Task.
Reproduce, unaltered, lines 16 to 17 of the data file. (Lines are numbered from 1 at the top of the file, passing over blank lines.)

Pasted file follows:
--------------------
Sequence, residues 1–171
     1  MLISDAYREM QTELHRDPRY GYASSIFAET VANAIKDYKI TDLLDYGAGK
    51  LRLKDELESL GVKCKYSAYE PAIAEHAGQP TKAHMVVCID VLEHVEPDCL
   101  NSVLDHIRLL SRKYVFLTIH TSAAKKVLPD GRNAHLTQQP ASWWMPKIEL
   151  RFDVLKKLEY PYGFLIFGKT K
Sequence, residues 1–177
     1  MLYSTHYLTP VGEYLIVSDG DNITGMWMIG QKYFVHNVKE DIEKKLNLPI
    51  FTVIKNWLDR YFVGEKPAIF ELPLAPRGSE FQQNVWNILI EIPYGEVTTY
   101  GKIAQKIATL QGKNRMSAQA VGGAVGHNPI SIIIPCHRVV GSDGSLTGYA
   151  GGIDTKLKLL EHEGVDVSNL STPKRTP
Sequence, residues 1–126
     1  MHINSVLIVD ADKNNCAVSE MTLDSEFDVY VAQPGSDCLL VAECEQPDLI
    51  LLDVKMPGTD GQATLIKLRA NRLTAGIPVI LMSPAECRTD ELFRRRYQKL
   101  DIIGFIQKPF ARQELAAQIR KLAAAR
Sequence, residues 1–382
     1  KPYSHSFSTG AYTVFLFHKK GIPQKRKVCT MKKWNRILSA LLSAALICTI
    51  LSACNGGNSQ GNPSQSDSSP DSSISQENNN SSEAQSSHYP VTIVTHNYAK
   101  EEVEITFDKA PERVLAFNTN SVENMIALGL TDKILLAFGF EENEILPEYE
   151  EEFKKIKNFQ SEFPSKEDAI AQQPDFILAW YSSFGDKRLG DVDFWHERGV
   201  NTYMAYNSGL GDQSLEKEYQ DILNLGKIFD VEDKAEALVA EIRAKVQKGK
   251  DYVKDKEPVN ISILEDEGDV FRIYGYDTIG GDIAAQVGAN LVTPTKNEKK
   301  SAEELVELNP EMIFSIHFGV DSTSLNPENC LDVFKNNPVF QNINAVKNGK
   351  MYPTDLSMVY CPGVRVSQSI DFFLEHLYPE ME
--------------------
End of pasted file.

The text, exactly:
     1  KPYSHSFSTG AYTVFLFHKK GIPQKRKVCT MKKWNRILSA LLSAALICTI
    51  LSACNGGNSQ GNPSQSDSSP DSSISQENNN SSEAQSSHYP VTIVTHNYAK